We've certainly all read books we'd never have picked up otherwise. Sometimes we've enjoyed them, sometimes not. Some titles have provoked more discussion than others, and we haven't always agreed on whether or not we liked a particular book.
This month's novel is The Alchemist by Paulo Coelho. According to Good Reads, I'm 62% of the way through it as I write this post. Two of the book club members are also Good Reads members who have completed the book and given it a 5-star rating. A former co-worker on Good Reads couldn't finish it and accorded it one star.
What does this have to do with faith? Well, for starters, the title of the book indicates that its content has something to do with alchemy. Dictionary.com defines alchemy as
- a form of chemistry and speculative philosophy practiced in the Middle Ages and the Renaissance and concerned principally with discovering methods for transmuting baser metals into gold and with finding a universal solvent and an elixir of life.
- any magical power or process of transmuting a common substance, usually of little value, into a substance of great value.
Alchemy is an influential philosophical tradition whose practitioners have, from antiquity, claimed it to be the precursor to profound powers. The defining objectives of alchemy are varied, but historically have typically included one or more of the following goals: the creation of the fabled philosopher's stone; the ability to transform base metals into the noble metals (gold or silver); and development of an elixir of life, which would confer youth and longevity. Alchemy is recognized as a protoscience that contributed to the development of modern chemistry and medicine. Alchemists developed a framework of theory, terminology, experimental process and basic laboratory techniques that are still recognizable today. But alchemy differs significantly from modern science in its inclusion of Hermetic principles and practices related to mythology, magic, religion, and spirituality.Indeed, The Alchemist carries huge spiritual overtones and strikes me as very New Age, as the author brings in references to Christianity, Islam, and eastern mysticism. In a 2008 article in The Telegraph, we learn that while Coelho's mother was a devout Catholic, and he himself has 'returned to the fold', he has been inducted into a secretive group known as the 'Order of the Ram', and in the 1960s devoured the works of well-known occultist, Aleister Crowley, even presiding over some black masses.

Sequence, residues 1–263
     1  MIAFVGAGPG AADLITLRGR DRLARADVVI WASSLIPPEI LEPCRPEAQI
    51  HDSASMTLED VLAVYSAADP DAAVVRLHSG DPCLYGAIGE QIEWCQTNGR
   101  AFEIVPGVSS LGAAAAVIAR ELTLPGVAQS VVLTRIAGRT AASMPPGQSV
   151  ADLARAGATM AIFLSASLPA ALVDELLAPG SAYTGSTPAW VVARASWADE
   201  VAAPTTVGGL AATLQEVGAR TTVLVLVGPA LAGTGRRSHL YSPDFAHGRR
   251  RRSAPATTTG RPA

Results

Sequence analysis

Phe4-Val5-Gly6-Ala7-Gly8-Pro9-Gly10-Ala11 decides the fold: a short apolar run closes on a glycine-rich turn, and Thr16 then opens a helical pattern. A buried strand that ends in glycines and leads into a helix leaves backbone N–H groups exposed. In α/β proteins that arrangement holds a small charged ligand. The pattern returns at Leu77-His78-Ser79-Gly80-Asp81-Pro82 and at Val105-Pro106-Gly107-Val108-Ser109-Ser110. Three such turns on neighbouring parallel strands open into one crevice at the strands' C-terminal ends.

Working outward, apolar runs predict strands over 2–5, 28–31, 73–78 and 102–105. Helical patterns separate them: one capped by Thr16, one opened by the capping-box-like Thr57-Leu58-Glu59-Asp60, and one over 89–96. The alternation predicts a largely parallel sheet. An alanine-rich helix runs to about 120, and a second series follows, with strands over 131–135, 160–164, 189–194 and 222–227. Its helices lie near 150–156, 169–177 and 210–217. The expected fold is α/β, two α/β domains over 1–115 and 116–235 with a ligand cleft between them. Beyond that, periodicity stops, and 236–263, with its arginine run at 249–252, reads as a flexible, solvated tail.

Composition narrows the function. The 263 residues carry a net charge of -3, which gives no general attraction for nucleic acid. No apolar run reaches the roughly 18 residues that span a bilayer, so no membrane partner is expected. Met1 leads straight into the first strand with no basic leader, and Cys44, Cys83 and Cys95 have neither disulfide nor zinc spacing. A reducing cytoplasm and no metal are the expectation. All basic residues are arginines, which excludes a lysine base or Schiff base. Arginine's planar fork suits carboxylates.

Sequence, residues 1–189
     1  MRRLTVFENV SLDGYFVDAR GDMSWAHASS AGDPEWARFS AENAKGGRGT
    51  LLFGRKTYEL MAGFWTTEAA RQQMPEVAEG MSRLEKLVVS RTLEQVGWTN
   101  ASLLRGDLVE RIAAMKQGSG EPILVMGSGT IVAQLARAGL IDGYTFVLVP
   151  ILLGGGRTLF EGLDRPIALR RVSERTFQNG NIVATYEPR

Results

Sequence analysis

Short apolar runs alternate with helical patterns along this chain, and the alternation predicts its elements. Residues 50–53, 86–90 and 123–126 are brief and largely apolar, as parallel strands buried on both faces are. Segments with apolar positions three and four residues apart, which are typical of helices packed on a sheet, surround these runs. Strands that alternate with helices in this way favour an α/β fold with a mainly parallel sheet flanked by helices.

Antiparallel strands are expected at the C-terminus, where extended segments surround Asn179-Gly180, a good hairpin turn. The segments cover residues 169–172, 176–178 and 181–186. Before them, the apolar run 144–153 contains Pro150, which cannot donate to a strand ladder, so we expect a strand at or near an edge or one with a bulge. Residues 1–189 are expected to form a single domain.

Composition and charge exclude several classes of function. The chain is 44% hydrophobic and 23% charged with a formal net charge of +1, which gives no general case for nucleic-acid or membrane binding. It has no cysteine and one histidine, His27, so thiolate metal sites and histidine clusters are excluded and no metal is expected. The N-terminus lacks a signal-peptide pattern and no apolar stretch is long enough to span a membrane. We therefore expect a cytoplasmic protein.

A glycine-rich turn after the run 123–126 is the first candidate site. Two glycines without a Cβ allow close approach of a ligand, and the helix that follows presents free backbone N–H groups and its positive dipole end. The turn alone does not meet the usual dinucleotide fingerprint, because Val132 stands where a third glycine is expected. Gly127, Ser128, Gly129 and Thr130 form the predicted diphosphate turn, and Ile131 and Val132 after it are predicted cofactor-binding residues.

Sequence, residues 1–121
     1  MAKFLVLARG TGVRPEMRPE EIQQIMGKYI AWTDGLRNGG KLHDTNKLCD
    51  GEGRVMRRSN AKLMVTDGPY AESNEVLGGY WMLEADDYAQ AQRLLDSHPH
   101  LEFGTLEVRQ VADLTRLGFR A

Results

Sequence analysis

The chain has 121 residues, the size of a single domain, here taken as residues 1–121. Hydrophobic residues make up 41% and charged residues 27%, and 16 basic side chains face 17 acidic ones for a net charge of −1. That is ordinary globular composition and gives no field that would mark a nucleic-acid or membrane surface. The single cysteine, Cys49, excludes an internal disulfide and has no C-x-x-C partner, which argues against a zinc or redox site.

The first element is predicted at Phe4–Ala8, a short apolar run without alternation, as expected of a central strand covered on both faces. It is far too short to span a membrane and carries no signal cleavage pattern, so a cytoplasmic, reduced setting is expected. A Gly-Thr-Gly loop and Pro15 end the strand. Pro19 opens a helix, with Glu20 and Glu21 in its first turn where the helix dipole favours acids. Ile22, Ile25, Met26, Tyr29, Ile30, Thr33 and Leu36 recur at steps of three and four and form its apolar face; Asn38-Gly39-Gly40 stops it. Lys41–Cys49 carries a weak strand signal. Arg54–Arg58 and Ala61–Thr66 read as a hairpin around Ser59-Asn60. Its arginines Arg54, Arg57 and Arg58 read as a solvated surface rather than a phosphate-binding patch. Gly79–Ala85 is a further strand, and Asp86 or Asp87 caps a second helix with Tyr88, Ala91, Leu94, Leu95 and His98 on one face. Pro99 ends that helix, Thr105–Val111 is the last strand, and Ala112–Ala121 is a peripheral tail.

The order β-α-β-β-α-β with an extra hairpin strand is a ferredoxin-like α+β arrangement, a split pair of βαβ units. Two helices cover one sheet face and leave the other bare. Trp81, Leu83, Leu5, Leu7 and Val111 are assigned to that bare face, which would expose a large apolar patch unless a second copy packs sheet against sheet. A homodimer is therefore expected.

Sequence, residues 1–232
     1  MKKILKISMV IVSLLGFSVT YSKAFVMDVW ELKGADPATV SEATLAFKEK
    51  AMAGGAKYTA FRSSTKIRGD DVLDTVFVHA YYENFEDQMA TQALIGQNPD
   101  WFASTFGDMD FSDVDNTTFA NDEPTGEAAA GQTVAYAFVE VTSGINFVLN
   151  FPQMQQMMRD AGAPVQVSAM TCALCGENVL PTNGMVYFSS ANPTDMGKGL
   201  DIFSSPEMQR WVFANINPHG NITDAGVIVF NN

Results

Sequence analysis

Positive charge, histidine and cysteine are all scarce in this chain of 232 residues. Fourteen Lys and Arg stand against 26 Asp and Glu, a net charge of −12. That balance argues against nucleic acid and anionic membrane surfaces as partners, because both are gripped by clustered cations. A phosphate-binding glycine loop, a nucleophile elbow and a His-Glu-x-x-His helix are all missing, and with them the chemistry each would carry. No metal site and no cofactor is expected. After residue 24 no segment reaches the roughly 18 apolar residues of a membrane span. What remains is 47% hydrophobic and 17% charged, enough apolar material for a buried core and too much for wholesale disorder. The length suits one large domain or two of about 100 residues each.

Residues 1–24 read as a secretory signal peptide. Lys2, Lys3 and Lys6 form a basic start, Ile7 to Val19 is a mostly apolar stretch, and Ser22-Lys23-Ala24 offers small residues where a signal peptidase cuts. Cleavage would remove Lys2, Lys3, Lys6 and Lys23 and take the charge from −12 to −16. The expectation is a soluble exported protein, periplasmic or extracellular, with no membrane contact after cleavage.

As a committed Christian, I find this book difficult to read because of its false teachings, and I'm sure it will be challenging to discuss in a group where not everyone shares my beliefs and values. If you think of it in advance of November 15th (the date of our next meeting), will you pray that our conversation would be edifying, that the Holy Spirit would even now be preparing hearts, and that the Truth would prevail? I'd appreciate it very much.
For more of Susan Barclay's writing, please visit her blog at www.notesfrominnisfree.blogspot.com and her website at www.susan-barclay.ca